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SFS Annual Meeting

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Drought causes many physical changes to aquatic habitats, including increasing temperatures and decreasing water levels, which can threaten aquatic invertebrate communities. Some aquatic invertebrates, such as diving beetles, can disperse via flight to relocate or discover new bodies of water. Despite observations of aquatic beetles flying during drought, little is known about what actually triggers this dispersal. We examined how decreasing water level and increasing temperature affect diving beetle dispersal, with a laboratory experiment in incubators. We collected diving beetles in San Diego County, CA, USA and used dispersal traps to measure dispersal in response to varying temperature and water levels. At the end of the three week experiment, we identified beetles to species and examined the relationship between dispersal, physical cues and specific-species dispersal tendencies. We found that both water level and temperature positively affected dispersal; however, there was no interactive effect. Our results suggest that drought will lead to higher dispersal for aquatic beetles. With drought becoming more prevalent, drought induced dispersal could have significant effects on the communities structure making understanding this phenomena vital.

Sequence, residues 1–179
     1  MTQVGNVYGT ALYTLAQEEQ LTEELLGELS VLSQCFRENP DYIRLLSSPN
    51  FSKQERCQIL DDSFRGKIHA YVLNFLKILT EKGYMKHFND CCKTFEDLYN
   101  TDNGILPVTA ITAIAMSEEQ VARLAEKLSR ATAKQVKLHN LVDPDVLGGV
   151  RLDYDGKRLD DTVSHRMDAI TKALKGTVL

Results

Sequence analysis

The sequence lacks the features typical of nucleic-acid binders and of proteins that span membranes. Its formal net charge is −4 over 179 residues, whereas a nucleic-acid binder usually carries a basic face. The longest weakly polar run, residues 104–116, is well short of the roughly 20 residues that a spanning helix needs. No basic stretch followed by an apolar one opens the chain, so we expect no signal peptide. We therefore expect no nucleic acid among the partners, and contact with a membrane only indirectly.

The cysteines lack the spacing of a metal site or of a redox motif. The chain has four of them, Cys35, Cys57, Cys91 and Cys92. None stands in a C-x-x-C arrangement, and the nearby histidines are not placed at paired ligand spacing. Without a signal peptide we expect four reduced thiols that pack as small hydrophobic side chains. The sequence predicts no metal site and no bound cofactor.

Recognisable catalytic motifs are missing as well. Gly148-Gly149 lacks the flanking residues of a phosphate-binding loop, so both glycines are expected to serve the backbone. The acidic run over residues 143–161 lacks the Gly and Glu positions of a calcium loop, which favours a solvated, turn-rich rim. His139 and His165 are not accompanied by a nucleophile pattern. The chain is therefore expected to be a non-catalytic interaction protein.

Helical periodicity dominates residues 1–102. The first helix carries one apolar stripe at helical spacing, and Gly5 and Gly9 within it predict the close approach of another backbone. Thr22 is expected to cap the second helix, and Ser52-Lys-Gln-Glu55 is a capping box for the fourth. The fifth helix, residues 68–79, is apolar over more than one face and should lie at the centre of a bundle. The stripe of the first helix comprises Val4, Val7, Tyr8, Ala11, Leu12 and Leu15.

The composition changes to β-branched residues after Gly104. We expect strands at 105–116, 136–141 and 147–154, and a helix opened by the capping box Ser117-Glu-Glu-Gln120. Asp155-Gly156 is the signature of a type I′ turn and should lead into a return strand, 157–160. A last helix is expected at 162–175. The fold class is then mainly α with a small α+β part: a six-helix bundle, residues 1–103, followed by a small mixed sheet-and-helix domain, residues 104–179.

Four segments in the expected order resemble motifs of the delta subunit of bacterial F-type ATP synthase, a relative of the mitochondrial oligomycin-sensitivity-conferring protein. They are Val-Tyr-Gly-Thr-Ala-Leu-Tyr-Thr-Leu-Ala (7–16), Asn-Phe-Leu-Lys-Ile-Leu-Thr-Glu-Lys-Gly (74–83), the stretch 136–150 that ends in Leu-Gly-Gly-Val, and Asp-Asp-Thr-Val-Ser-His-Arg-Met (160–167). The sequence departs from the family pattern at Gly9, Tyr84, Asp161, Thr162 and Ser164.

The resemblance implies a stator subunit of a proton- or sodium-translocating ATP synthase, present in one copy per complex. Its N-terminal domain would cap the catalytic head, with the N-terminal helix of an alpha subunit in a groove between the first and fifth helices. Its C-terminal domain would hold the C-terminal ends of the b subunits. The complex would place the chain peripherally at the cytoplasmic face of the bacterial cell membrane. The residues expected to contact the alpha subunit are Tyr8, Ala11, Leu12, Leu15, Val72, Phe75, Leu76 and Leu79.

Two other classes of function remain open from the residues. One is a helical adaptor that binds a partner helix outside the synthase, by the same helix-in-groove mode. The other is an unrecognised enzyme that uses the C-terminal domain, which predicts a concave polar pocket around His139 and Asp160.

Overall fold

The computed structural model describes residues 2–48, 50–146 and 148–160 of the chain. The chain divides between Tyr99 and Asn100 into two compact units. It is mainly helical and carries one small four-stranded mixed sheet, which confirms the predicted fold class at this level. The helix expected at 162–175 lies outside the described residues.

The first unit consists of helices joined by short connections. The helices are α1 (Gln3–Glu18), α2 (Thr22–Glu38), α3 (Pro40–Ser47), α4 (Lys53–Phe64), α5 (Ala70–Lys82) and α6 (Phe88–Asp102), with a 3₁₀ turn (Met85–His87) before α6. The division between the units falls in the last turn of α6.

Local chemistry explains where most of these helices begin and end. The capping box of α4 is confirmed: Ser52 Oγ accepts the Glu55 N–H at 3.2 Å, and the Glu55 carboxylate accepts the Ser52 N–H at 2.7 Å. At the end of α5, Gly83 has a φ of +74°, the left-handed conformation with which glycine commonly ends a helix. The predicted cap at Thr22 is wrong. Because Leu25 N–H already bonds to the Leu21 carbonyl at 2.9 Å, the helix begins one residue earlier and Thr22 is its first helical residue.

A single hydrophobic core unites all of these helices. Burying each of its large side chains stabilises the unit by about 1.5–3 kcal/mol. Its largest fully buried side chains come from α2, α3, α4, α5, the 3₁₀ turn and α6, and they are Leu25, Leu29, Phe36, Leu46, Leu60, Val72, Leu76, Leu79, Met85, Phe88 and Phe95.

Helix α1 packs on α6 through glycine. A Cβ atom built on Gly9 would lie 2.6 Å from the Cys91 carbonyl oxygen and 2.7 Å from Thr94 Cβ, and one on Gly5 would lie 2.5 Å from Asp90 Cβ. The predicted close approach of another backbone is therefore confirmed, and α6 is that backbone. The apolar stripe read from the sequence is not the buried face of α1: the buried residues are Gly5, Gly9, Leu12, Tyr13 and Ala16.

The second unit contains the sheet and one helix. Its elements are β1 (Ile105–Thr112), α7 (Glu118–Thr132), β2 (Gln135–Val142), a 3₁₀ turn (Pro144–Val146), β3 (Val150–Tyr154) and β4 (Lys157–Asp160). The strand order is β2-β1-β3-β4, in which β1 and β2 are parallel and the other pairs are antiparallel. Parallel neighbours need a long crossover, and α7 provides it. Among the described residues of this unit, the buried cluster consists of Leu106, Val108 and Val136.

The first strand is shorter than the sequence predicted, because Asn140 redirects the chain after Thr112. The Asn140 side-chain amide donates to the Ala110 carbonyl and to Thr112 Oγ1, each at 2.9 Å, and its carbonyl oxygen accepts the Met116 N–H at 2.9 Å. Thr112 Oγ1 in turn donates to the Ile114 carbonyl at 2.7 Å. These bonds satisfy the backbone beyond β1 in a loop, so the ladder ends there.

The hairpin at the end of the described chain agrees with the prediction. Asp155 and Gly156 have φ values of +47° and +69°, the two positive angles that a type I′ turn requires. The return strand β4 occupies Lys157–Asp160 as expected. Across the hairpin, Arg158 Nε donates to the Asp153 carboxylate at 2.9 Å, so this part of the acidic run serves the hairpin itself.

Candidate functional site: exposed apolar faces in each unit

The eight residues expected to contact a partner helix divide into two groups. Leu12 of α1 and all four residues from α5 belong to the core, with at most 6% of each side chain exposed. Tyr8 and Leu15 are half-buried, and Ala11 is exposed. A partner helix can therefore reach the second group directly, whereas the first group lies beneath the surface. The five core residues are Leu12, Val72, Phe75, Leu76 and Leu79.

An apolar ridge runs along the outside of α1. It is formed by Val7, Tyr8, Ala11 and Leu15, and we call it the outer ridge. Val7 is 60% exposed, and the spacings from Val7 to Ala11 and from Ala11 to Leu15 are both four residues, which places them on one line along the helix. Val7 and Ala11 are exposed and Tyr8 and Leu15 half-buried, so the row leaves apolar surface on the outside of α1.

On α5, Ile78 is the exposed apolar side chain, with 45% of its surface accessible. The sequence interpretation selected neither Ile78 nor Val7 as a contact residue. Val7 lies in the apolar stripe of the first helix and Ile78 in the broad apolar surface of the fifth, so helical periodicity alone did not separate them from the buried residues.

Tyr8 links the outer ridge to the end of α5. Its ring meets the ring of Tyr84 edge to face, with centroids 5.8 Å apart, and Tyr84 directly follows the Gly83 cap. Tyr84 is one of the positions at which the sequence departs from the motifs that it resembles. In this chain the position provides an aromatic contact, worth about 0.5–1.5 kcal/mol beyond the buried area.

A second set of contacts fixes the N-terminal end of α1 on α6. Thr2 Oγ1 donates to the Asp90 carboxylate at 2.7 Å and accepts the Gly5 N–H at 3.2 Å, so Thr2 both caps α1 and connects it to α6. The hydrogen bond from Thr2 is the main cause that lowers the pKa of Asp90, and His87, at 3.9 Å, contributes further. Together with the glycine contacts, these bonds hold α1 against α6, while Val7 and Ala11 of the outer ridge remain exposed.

Patrick Carroll (Primary Presenter/Author), University of San Diego,;

Ruth Hoover ( Co-Presenter/Co-Author), University of San Diego,;

Kate Boersma ( Co-Presenter/Co-Author), University of San Diego,;